Monday, January 19, 2009

Bush continues his last-minute attack on the environment

Determined not to leave office without wreaking as much havoc as possible on (what remains of) the United States' pristine wilderness, George Bush has launched a salvo of anti-environment legislation in his last days as President, reports National Geographic.

Victim one: Water
Bush made it easier for mines and farms to dump waste into waterways.

Victim two: Land
Bush also made it easier for industry to mine (minerals, oil and gas) from public lands, including a move to free up 2 million acres of land for oil shale development.

Victim three: Air
Bush nails the hat trick here with a maneuver that makes it easier for factories and power plants to expand their operation without asking for pollution permits.

Truly disturbing
The most insidious move by far is a sudden "reclassification" of hazardous waste as nonhazardous. Why? "The materials are supposedly recycled and should not be considered waste."

Critics described these moves as everything from "hugely environmentally destructive" to "absolutely outrageous and inexcusable."

Even more disturbing
In what critics describe as "a transparent attempt to burnish Bush's environmental legacy," the President launched the "largest marine conservation effort in history," designating three massive areas of the Pacific as marine national monuments.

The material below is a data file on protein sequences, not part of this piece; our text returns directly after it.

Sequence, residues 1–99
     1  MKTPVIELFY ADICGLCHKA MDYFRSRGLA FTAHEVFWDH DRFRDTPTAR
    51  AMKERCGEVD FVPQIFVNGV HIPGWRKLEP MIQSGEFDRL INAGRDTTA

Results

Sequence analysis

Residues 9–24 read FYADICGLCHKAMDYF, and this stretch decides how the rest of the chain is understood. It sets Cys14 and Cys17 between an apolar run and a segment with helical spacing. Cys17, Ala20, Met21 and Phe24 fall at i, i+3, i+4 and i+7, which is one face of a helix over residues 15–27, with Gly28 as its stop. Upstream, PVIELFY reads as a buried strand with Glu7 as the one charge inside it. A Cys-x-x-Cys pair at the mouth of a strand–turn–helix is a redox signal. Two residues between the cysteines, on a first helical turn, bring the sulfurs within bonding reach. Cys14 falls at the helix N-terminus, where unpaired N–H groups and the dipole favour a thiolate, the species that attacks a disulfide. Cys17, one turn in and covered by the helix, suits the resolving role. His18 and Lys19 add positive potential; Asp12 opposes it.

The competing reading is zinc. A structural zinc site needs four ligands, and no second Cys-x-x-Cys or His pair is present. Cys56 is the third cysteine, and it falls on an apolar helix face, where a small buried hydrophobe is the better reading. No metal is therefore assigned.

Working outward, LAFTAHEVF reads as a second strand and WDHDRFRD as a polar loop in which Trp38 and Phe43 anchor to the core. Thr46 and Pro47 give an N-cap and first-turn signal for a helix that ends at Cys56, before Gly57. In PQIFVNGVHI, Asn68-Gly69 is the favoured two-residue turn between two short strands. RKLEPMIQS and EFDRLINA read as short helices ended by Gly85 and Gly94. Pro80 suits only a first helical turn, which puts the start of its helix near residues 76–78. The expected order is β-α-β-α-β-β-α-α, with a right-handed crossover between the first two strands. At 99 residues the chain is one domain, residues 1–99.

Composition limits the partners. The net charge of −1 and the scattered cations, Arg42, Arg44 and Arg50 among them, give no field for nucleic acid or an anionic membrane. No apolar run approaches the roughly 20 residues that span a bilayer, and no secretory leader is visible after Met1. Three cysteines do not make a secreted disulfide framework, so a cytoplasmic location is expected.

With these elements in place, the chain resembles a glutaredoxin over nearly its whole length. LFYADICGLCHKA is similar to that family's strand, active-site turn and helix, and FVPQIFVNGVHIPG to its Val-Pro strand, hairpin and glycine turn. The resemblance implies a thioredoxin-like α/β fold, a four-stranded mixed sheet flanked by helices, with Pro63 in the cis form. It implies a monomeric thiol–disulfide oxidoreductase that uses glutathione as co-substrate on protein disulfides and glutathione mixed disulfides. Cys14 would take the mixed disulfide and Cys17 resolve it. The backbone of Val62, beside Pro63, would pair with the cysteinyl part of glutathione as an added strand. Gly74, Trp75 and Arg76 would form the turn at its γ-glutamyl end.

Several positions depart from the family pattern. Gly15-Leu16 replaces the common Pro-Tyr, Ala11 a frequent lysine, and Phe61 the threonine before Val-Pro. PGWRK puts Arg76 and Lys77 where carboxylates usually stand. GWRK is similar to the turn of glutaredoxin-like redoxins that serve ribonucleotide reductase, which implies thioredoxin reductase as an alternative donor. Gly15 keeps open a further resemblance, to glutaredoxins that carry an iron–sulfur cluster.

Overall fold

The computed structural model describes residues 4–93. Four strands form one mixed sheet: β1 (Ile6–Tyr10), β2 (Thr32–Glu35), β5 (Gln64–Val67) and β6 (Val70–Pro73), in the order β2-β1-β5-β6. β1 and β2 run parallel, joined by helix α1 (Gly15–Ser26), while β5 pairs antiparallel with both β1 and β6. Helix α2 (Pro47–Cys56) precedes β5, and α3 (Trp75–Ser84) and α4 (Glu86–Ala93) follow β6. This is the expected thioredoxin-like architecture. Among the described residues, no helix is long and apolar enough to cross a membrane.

That's like beating your kid until he's nearly unconscious, and then taking him out for ice cream. Could Congress please reject the marine designations, and could Obama then come in and re-submit them so somebody, anybody else gets credit here?

More on Bush's last minute insanity.

(Photo courtesy
AgĂȘncia Brasil)

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I started pound360 to channel my obsession with vitamins, running and the five senses. Eventually, I got bored focusing on all that stuff, so I came back from a one month hiatus in May of 2007 (one year after launching Pound360) and broadened my mumblings here to include all science.